Tue 16th – Sun 28th August 2016


Hannah Sanderson

at 02:52 on 22nd Aug 2016



Tom Stoppard’s witty drama about growing up and literary and scientific breakthroughs is an interesting show to see. It is performed simply and sweetly by the Pembroke Players and I doubt that anyone can leave the theatre without a warm feeling.

The play is split between the 1800s and the modern day (1990s). It revolves around an upper-class family’s interactions and a group of modern scholars attempted investigations into their lives. The production team should be congratulated on creating a modest but totally realistic set. The main centre-piece is a table piled high with books which immediately draws the audience into schoolroom atmosphere and keeps them grounded there for the entirety of the show. A particularly clever element of this show is how the actors show the passing of time through the adding of different objects to the table.

All the actors show a deep understanding of Stoppard’s witty, almost Wildean humour which helps to bring out extra comedy in the performance. Thomasina (Daisy Jones) shines above the rest, her engagement with the script is a delight to watch as are her many varied facial expressions. Her energy is spot on from the beginning while the other actors take a while to really get going. Once they do, however, the show goes from strength to strength. Lady Croom (Helen Vella Taylor) plays an excellent sneering and arrogant hostess whose quelling looks make even the audience shrink back a little. Xanthe Burdett who plays Hannah/Noakes is to be commended for her ability to play two very different characters. Her portrayal of Hannah is more convincing however and she confidently plays the down-to-earth character among her more excitable scholars.

In this production the women are definitely the stars of the show and their characterisation often overshadows their male counterparts. Os Leanse's (Chater/Valentine) anger however is very convincing and he certainly injects a lot feeling into his characterisation of both parts.

The lighting and sound effect however leaves quite a bit to be desired, they are overly simplistic and often unnecessary. The show also needs more verve at points as the more slow-moving parts can begin to drag if the actors are downbeat. As someone totally new to Stoppard’s play this adaptation can also get confusing at points and it appears to jump around a lot with little explanation.

This is a very interesting play performed by a group of talented actors and it certainly made me want to discover more about it following the performance. I would recommend it to both newcomers and die-hard Stoppard fans as an enjoyable and heart-warming show.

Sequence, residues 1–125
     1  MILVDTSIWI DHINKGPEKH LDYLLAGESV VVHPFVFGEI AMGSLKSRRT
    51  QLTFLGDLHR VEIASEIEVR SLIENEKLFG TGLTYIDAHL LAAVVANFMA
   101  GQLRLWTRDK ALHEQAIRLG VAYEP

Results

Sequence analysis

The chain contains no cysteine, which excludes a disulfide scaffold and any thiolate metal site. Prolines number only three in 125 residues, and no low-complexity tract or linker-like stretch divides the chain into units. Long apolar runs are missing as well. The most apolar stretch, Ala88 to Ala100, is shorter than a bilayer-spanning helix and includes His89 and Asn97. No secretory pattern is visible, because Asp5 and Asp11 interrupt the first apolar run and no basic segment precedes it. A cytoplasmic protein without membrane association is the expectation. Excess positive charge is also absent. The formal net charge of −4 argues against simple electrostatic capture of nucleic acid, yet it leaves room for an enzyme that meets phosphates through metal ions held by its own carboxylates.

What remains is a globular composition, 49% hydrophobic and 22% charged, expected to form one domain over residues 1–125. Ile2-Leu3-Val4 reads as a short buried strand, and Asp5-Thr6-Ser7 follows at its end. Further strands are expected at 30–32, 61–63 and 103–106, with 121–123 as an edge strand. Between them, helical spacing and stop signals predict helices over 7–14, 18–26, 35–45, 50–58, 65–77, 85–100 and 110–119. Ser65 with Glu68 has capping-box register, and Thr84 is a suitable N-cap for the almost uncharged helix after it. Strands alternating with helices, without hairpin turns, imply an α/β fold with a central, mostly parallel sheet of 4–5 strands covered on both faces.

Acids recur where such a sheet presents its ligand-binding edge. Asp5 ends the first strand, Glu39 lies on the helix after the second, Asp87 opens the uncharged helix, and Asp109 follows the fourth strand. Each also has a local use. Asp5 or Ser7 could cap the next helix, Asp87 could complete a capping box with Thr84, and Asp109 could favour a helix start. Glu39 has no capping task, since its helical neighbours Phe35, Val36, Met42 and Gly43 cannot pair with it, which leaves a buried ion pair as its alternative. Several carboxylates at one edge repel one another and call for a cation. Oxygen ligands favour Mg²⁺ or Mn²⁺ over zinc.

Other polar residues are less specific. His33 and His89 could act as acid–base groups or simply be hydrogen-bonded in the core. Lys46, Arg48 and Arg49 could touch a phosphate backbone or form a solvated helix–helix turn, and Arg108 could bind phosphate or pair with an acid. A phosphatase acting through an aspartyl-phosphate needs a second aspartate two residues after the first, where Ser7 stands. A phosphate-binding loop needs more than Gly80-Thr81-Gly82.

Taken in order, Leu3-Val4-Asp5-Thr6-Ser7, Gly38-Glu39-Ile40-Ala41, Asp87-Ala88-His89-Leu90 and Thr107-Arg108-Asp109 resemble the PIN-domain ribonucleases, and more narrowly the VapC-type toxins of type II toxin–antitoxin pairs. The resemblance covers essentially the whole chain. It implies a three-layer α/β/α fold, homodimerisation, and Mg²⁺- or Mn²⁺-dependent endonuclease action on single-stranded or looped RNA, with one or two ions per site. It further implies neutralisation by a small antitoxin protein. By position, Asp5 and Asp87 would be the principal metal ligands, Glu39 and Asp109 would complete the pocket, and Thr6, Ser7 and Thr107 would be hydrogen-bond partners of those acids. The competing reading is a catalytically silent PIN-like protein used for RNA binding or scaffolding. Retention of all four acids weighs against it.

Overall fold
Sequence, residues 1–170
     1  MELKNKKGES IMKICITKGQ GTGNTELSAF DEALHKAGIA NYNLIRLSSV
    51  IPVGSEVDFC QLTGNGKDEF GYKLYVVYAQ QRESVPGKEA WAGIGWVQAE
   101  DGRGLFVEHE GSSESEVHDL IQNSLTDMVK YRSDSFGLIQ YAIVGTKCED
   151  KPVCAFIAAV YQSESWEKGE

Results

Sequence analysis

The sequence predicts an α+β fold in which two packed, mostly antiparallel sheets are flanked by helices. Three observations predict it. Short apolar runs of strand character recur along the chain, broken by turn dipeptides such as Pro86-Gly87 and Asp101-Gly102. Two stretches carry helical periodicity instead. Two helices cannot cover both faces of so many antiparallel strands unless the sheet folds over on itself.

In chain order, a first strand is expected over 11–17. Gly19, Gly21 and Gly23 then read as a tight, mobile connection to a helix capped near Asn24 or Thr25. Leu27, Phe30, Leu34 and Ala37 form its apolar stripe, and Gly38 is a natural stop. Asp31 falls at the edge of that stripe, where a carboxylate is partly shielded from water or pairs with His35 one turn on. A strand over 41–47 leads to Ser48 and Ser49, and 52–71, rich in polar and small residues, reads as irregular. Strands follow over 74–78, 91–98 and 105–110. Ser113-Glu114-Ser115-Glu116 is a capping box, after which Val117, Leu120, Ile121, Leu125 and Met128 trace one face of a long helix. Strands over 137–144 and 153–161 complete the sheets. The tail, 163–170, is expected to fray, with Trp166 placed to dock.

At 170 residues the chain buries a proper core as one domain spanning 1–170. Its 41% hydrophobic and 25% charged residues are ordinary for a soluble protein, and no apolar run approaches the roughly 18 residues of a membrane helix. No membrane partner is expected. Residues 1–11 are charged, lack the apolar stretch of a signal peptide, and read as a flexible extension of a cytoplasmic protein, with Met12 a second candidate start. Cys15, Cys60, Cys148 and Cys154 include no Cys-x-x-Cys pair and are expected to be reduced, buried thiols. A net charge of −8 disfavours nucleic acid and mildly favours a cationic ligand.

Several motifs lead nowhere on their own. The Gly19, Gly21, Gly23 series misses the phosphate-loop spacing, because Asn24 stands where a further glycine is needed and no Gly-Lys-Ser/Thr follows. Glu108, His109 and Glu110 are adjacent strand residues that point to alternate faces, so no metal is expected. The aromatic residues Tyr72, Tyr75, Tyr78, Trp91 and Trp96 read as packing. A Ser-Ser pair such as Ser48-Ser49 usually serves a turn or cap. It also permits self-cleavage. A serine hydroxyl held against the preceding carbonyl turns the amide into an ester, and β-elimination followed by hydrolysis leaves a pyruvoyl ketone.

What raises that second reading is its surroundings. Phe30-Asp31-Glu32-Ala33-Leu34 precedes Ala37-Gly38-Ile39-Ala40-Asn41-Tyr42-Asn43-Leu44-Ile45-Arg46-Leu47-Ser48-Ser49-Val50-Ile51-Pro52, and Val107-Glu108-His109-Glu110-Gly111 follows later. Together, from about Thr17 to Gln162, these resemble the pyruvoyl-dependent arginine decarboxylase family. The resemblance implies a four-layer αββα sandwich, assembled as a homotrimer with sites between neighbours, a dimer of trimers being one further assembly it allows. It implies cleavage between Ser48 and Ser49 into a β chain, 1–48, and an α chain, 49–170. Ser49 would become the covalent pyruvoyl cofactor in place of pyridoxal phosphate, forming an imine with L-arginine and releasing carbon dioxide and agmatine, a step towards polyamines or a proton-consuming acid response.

Naoise Murphy

at 09:26 on 22nd Aug 2016



Sex, maths, botany and literature combine to produce a surprisingly enjoyable piece of theatre in Pembroke Players’ production of Tom Stoppard’s 'Arcadia'. Right from its fantastic opening line, the play sparkles with wit and mischievousness, brought to life by a talented cast and production team.

In the early 1800s, young Thomasina Coverly is learning, simultaneously, about algebra and ‘carnal embrace.’ Ably portrayed by Daisy Jones, it does not take too much of a stretch of the imagination to see her as a precocious thirteen year old. Her charismatic performance and clear delivery make the first scene a joy to watch, as she converses with her tutor Septimus, another admirable performance from Will Peck. His wry tone and wonderful comic timing were perfectly suited to the role - part Byronic hero, part Wildean scoundrel.

From the second scene, which shifts to the present day, the pace of the performance slows down somewhat. A group of academics are sitting around the same table, looking for evidence to support their half-baked theories. Bernard is convinced that Byron fought a duel at the house, prompting his flight to the continent, and enlists the reluctant help of Hannah, another Romantic specialist. Colin Rothwell, playing Bernard, takes a while to warm up in his performance. Once he does, however, his portrayal of the self-obsessed academic is enjoyable to watch. Another standout performance of the show comes from Xanthe Burdett, who plays Hannah with intelligence and wit. As a mockery of academia, these present-day scenes are hugely entertaining.

Helen Vella Taylor gives a great performance as the drawling aristocrat Lady Croom, and Os Leanse, Elise Limon and Harrison MacNeill all provide solid support in smaller roles. The set – a table littered with books and random objects – is, in its simplicity, unexpectedly effective. Layers are built up gradually throughout the play, emphasising the intermingling of past and present – a Mac, a tortoise, coffee mugs, letters, garden plans and books passed down through the years. The time periods merge even further towards the end as characters from each era share the stage. This leads to a beautifully choreographed conclusion, complete with starry backdrop, candlelight and a graceful waltzing couple.

Lighting and sound could be improved – the quality does not always match up to the acting ability of the cast. Despite this, directors Cassia Price and Nathan Miller have created a truly excellent piece of theatre in ‘Arcadia.’ The serious moments are thought-provoking and emotionally affecting, and the comedy is perfectly pitched, provoking hysterical laughter at times from an appreciative audience.


Audience Avg.

0 votes, 0 comments

Click here for more event information

cast involved

other events on

Version 0.3.7a